It is striking that in its early days, the Taliban supported art and was involved in programs of cultural preservation. It was only later in the regime, when the terrorist group al Qaeda and foreign agents had begun to wield most of the power, that the anti-art policies were established and many of the most beautiful things in the country, some 2,000 national treasures, were wantonly destroyed. The Taliban’s purpose was to wipe out Afghan identity so that nationalist resistance to them would be weak. Unlike Soviets or Maoist Chinese, who interfered with the arts in an effort to eliminate whatever history could not be used to construct patriotic propaganda, the Taliban worked toward annihilation. The whole idea of being an Afghan was to be eradicated.
This program required interference not only with intellectuals and artists but also with ordinary people and their ordinary pleasures. “They succeeded in destroying about 80 percent of our cultural identity,” Mr. Rahim says. “The Soviets had already done their damage; they wanted to turn a thousand years of history into 19th-century Marxism. But the Taliban wanted to destroy everything.”
Gathering Round TV’s
Television, illegal under the Taliban but reborn in recent months, is of course the most popular means of disseminating new ideas and values, though the station’s equipment is dilapidated and many shows have to be shot several times because of poor quality video and cameras that fail. Mr. Mansour has brought in history professors for programs about the history of Afghanistan stretching back to 1000 B.C. There are also music and art programs, showings of old Afghan films and recitations of new Afghan poetry. Afghans are hungry for this material; after five years without television, large groups of viewers in Kabul gather around sets that are often hooked up to car batteries when power fails, as it does most nights.
Guardians of Art
Many of Afghanistan’s best artists use traditional media, like painted miniatures, which originated in Afghanistan and are central in the country’s artistic history. The leading miniaturist, Hafiz Meherzad, encloses figurative scenes within exquisite borders of gold leaf and ground rock pigments. Mr. Meherzad said he had been “too tired to emigrate” after the mujahedeen, the forces who entered the post-Soviet power vacuum, and thought that he could continue his work quietly during the Taliban’s reign so long as he didn’t show it publicly. But when his neighbors cried out that the Taliban were searching everyone’s houses, he panicked and buried all his work. It was largely destroyed by the earth’s moisture.
His sense of cultural responsibility is acute. “I do not believe in innovation in this field,” Mr. Meherzad said. “If you make changes in this work, you will destroy even the past. You in America can innovate because your past is safe. Here in Afghanistan, we need to secure our past before we begin to create a future.”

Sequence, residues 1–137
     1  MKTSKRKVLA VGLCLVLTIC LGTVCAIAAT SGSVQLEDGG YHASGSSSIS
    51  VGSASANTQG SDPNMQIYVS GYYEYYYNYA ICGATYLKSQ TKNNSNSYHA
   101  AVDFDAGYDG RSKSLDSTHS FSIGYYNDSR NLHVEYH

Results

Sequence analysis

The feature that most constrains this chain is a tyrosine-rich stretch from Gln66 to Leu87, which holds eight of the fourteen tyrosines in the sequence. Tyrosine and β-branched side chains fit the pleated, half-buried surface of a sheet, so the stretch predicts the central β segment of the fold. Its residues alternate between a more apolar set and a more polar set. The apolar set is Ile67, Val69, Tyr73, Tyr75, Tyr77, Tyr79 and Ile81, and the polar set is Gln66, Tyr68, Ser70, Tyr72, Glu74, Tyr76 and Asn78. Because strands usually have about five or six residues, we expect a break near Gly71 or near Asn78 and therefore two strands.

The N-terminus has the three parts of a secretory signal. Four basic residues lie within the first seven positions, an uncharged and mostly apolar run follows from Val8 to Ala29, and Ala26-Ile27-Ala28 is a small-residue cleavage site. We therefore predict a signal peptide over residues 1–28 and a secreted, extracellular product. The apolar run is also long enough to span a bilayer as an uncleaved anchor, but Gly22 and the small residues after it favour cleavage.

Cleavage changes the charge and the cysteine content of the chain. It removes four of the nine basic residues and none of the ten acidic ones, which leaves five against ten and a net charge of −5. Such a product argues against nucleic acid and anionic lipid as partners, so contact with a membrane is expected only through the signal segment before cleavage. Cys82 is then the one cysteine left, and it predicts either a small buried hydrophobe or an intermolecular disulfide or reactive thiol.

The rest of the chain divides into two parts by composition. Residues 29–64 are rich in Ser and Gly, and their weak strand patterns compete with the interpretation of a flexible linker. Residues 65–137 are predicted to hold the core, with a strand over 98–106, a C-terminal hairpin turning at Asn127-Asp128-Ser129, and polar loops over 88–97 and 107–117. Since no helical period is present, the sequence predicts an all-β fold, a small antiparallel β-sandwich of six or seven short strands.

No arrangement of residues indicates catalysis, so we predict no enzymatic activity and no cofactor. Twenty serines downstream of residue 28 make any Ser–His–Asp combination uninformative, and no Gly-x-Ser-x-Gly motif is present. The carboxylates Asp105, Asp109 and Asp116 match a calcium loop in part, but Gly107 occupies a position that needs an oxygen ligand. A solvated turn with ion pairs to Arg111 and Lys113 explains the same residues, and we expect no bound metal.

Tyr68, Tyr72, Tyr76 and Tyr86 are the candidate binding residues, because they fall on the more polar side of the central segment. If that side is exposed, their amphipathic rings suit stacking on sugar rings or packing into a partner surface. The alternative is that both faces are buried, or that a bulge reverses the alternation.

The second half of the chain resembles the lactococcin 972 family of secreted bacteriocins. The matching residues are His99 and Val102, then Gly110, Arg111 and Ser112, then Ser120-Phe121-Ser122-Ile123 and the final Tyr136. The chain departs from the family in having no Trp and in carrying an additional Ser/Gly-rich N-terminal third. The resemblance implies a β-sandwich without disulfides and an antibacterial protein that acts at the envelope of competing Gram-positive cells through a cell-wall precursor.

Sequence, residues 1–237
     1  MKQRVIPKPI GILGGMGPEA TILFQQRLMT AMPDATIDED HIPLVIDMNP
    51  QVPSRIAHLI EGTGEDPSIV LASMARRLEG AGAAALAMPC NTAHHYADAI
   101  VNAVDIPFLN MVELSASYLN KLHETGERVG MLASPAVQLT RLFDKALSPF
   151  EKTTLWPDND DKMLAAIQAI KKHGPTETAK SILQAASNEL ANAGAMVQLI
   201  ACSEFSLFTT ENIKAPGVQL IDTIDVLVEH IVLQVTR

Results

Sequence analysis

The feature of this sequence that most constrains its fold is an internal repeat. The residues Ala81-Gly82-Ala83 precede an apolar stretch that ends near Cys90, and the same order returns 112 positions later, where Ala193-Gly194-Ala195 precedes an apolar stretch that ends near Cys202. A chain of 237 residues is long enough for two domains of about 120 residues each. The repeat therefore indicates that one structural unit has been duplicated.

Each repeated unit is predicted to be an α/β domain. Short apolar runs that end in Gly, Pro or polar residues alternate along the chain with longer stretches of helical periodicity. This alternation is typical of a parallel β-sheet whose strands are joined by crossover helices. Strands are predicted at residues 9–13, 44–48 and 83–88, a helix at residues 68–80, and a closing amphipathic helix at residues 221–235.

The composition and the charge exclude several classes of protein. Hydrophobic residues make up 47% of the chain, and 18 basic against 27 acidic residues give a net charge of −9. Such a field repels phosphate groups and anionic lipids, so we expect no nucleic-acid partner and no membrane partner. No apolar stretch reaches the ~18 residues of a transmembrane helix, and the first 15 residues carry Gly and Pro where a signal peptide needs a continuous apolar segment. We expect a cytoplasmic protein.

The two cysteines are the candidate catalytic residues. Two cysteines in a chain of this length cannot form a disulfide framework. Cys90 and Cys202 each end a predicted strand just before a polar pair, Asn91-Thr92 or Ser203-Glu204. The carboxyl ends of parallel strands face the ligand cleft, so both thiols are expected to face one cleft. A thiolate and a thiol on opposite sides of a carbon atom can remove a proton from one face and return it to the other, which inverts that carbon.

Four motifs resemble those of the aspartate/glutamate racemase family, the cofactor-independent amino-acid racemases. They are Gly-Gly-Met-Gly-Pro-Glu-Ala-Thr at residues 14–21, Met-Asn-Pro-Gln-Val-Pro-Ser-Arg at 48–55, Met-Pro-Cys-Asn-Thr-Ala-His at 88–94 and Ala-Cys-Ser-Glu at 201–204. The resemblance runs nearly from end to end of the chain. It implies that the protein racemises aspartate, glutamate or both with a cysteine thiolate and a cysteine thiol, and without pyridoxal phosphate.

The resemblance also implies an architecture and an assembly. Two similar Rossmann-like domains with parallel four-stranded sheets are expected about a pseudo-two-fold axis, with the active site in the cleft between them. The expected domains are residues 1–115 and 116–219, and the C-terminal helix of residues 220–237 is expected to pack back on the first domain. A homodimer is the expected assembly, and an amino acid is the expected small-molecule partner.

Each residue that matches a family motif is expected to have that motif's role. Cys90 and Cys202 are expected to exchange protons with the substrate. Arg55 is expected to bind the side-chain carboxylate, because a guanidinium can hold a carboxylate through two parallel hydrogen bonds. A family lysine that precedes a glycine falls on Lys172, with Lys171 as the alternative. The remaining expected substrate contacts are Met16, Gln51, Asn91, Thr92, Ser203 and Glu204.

It was hard for the Taliban to attack calligraphers, whose work was holy; but it held them in considerable suspicion, and men like Ismail Sediqi kept a low profile. He stopped making beautiful images of his own poems, with lines like “I am a treasure within a ruin.” Instead, he became “a simple scribe” who wrote verses from the Koran. Even here, however, there was room for sedition: he often copied out the opening verse of the holy book, which announces — contrary to the restrictive practices of the Taliban — that God is the God of all men. “Innovation?” he said. “Well, I sometimes put modern makeup on the beautiful face of the classic forms.”
Dr. Asefi, who has become a potent symbol of cultural rebirth in Kabul, was unable to leave Afghanistan during the Taliban period, starting in 1996, because of family obligations, and he made only landscapes, bare of human or animal figures, and “unrepresentative in any way of life in Afghanistan.” The pressure and the fear gave him psychiatric problems that continue to haunt him. Now he is returning to those works and adding the figures he always envisioned. “If the Taliban had lasted five more years, they might have destroyed our culture,” he said. He is grateful for the American military intervention. “By liberating us, you saved our history as well as our present lives,” he said.
Afghanistan is a country of poets. Shir Mohammed Khara ran an underground poetry movement under the Taliban. He met with other poets who had memorized their poems so that they could discuss them without running the risk of being found carrying them. Whenever they gathered, they carried copies of the Koran so they could tell Taliban agents that they were having a prayer meeting. A number of poets have allied themselves with the newspaper Arman (Hope).